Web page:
Connection to evolution

Once the underlying mechanism was established, the team was able to connect it to multiple aspects of evolution. Diatoms were derived from a symbiotic event between a protozoan and an algae around 250 million years ago that culminated into the fusing of the two organisms into one, known as symbiogenesis. The authors highlight that the process of one cell consuming another, known as phagocytosis, is widespread in nature. Phagocytosis relies on the proton pump to digest the cell that acts as the food source. However, in the case of diatoms, something special occurred in which the cell that was eaten didn’t get fully digested.

“Instead of one cell digesting the other, the acidification driven by the proton pump of the predator ended up promoting photosynthesis by the ingested prey,” said Tresguerres. “Over evolutionary time, these two separate organisms fused into one, for what we now call diatoms.”

Not all algae have this mechanism, so the authors think that this proton pump has given diatoms an advantage in photosynthesis. They also note that when diatoms originated 250 million years ago, there was a big increase in oxygen in the atmosphere, and the newly discovered mechanism in algae might have played a role in that.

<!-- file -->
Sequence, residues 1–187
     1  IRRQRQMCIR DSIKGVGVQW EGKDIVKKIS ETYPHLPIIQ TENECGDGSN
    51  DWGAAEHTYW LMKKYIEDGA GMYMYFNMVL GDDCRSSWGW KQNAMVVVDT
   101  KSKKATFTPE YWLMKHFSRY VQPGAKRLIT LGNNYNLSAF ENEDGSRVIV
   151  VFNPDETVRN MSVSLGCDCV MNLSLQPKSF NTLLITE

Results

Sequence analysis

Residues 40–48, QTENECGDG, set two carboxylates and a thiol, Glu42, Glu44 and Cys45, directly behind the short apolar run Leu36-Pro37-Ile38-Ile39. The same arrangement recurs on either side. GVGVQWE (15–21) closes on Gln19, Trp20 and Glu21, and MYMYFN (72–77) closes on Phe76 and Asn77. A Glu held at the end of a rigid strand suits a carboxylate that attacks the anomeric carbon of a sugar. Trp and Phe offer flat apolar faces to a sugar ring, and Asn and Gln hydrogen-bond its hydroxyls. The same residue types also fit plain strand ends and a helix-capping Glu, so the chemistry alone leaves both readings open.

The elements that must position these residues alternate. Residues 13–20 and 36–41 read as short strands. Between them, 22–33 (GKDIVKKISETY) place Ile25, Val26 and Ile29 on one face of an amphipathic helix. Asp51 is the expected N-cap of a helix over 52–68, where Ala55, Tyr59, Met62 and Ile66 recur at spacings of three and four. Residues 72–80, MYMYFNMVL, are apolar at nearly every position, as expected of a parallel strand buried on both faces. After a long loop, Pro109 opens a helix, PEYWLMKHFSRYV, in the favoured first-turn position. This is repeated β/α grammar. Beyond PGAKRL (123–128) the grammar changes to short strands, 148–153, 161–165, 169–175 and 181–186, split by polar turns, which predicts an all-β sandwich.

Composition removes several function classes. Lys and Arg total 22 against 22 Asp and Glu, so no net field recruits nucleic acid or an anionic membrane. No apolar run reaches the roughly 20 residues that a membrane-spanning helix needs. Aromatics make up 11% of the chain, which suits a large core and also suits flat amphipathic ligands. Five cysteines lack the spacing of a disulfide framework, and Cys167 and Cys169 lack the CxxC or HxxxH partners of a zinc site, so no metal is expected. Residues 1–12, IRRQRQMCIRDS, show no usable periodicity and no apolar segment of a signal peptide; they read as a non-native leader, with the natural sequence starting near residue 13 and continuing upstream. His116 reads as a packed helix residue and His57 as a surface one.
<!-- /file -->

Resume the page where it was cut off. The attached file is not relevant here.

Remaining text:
The majority of fossil fuels extracted from the ground are believed to have originated from the transformation of biomass that sank to the ocean floor, including diatoms, over millions of years, resulting in the formation of oil reserves. The researchers are hopeful that their study can provide inspiration for biotechnological approaches to improve photosynthesis, carbon sequestration, and biodiesel production. Additionally, they think it will contribute to a better understanding of global biogeochemical cycles, ecological interactions, and the impacts of environmental fluctuations, such as climate change.

“This is one of the most exciting studies in the field of symbiosis in the past decades and it will have a large impact on future research worldwide,” said Tresguerres.

Additional co-authors include Raffaela Abbriano, Bethany Shimasaki, Maria Vernet, Greg Mitchell, and the late Mark Hildebrand of Scripps Oceanography; Ty Samo, Xavier Mayali, and Peter Weber of the Lawrence Livermore National Laboratory; and Johan Decelle of University of Grenoble Alpes.